In Tokyo, ‘cute’ doesn’t just refer to the kitschy kawaii styles that Harajuku is famous for. Sure, ‘cute’ is an expression we use on an animal-shaped doughnut, a 3D latte art of a cat, or a bento filled with bunny-shaped sushi. There’s also a refined, more elegant side to ‘cute’, one that carries great artistic value, and you’ll find it in things like ikebana, amezaiku sugarwork and of course, wagashi – the delicate tea time sweets that are too pretty to eat.
In fact, you’ll discover ‘cute’ in its many manifestations throughout Tokyo, from billboards and product packaging to food presentation and even public infrastructure designs such as the manhole covers, which have garnered a following of their own. So get cute with Tokyo – you know you want to.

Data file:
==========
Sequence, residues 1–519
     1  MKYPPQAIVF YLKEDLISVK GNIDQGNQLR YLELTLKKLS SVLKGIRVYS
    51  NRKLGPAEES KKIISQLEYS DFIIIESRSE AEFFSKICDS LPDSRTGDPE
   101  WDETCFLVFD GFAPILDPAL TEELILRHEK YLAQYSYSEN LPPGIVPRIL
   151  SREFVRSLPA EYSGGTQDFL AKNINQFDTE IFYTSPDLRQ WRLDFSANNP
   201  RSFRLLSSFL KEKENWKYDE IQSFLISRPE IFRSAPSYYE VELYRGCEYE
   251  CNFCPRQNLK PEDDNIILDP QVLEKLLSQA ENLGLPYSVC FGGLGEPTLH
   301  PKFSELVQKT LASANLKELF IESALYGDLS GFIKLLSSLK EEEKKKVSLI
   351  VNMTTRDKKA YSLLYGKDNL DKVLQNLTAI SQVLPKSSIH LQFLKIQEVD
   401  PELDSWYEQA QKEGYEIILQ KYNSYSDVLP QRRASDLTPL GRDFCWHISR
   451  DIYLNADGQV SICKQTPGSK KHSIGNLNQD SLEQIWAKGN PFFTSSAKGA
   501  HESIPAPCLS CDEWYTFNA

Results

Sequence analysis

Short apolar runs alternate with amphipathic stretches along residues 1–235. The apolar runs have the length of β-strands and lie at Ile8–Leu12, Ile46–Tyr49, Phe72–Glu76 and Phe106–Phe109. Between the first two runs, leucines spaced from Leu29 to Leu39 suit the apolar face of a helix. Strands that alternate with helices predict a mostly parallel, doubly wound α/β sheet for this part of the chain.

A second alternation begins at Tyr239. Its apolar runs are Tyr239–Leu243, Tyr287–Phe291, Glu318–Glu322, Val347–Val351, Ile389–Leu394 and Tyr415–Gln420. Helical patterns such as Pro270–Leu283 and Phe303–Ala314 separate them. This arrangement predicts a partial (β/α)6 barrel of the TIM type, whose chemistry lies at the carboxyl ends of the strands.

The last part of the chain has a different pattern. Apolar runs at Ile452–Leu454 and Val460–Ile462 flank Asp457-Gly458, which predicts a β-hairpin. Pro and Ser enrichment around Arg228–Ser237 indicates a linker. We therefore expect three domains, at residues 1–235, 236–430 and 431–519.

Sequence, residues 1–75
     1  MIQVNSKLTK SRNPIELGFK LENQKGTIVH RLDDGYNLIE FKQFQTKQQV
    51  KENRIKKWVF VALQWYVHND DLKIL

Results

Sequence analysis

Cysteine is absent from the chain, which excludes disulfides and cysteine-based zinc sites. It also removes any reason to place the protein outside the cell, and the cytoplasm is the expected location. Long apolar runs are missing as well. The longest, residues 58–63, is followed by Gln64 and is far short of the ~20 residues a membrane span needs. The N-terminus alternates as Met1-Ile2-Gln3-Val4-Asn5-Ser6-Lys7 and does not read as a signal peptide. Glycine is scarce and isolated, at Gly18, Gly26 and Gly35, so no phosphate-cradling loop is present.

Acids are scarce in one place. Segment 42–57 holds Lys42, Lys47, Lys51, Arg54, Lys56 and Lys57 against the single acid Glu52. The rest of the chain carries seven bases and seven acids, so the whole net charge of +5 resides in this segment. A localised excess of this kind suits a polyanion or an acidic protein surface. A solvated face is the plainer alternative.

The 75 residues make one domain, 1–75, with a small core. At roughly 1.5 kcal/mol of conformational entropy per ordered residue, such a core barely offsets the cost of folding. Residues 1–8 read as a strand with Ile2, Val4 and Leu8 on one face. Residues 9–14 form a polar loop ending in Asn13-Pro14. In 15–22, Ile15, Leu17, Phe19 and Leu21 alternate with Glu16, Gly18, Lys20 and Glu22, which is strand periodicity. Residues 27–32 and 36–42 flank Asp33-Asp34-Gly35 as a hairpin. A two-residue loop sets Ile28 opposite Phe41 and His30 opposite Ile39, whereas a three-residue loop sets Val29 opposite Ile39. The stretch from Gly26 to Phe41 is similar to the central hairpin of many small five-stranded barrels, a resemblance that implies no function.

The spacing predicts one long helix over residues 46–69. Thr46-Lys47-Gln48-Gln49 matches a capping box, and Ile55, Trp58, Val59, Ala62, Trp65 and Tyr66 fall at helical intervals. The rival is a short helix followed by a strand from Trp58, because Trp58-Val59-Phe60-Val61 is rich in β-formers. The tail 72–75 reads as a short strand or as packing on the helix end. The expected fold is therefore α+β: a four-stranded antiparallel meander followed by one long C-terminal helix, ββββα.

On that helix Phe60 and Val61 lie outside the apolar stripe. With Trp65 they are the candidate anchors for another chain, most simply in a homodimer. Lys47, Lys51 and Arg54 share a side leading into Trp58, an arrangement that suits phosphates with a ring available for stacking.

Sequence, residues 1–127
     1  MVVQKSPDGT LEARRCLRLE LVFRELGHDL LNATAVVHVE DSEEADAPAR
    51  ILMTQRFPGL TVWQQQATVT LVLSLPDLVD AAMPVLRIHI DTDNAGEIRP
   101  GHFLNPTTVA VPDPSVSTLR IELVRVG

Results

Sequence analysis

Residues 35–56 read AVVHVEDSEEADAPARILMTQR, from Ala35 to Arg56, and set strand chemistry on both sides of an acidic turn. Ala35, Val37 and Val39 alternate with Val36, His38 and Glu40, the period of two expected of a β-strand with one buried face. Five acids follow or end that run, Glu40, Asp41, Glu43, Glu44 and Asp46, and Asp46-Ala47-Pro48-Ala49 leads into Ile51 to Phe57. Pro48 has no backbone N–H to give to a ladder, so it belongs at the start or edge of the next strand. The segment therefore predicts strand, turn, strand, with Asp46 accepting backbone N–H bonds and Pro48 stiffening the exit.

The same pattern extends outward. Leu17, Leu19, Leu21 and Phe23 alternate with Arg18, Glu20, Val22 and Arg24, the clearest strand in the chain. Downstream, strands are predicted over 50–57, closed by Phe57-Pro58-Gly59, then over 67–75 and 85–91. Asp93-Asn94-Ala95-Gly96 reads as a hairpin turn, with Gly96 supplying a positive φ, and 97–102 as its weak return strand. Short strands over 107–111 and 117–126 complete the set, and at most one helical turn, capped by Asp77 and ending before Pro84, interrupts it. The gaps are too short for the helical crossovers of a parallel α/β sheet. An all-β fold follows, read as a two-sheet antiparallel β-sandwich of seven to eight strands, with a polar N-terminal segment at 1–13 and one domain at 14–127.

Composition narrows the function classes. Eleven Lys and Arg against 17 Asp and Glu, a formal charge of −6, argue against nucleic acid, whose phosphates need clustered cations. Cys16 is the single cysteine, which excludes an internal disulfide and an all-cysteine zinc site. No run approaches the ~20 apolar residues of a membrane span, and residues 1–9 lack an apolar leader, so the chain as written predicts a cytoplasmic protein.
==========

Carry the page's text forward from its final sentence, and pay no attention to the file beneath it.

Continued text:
Also see: Artist Sebastian Masuda explains the Japanese concept of 'kawaii'